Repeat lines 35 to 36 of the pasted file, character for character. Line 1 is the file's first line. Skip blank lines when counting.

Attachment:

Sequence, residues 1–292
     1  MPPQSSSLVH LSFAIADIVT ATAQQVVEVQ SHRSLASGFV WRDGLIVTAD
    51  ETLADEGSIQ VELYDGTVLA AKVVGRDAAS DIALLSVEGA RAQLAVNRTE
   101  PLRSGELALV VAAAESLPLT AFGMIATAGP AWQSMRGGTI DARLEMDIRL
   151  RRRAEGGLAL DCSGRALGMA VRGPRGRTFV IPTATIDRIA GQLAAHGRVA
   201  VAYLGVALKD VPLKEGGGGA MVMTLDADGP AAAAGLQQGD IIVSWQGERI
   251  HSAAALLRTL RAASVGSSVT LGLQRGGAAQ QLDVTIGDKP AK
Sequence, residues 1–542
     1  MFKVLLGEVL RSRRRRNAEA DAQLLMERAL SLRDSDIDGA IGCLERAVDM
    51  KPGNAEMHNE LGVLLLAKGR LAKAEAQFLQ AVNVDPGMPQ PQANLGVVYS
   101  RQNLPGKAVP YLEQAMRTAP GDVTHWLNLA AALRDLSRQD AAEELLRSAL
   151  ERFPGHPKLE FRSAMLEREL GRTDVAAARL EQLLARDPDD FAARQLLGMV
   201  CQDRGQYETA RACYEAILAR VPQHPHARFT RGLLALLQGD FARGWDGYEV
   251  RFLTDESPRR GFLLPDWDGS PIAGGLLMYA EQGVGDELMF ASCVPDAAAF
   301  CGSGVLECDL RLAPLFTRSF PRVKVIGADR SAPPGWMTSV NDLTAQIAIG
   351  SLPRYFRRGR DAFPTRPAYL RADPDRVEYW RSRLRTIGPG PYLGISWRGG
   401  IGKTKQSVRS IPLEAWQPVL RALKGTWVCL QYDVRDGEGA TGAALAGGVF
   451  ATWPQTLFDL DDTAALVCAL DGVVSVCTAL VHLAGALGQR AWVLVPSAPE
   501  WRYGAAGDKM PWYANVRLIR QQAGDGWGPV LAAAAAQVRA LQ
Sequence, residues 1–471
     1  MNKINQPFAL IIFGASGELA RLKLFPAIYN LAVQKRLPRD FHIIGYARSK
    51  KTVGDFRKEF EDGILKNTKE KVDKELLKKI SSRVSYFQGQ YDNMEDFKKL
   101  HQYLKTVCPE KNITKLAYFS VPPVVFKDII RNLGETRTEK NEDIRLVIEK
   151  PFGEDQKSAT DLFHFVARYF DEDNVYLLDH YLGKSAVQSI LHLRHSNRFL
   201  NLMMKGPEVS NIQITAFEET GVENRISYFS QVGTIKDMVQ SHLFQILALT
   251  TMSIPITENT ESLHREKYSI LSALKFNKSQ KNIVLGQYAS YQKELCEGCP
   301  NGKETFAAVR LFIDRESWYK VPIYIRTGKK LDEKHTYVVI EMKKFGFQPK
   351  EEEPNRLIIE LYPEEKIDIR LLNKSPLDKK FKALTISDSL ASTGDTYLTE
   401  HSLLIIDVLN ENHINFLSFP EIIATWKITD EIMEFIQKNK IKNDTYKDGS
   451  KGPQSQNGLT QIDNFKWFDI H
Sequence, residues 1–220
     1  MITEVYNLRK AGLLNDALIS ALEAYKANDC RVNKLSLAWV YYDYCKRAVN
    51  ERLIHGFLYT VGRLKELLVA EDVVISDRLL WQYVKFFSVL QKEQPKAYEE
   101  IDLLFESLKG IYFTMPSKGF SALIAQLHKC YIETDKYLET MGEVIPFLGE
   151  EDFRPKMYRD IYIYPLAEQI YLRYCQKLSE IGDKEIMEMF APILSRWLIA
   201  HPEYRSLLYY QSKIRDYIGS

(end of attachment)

   151  EDFRPKMYRD IYIYPLAEQI YLRYCQKLSE IGDKEIMEMF APILSRWLIA
   201  HPEYRSLLYY QSKIRDYIGS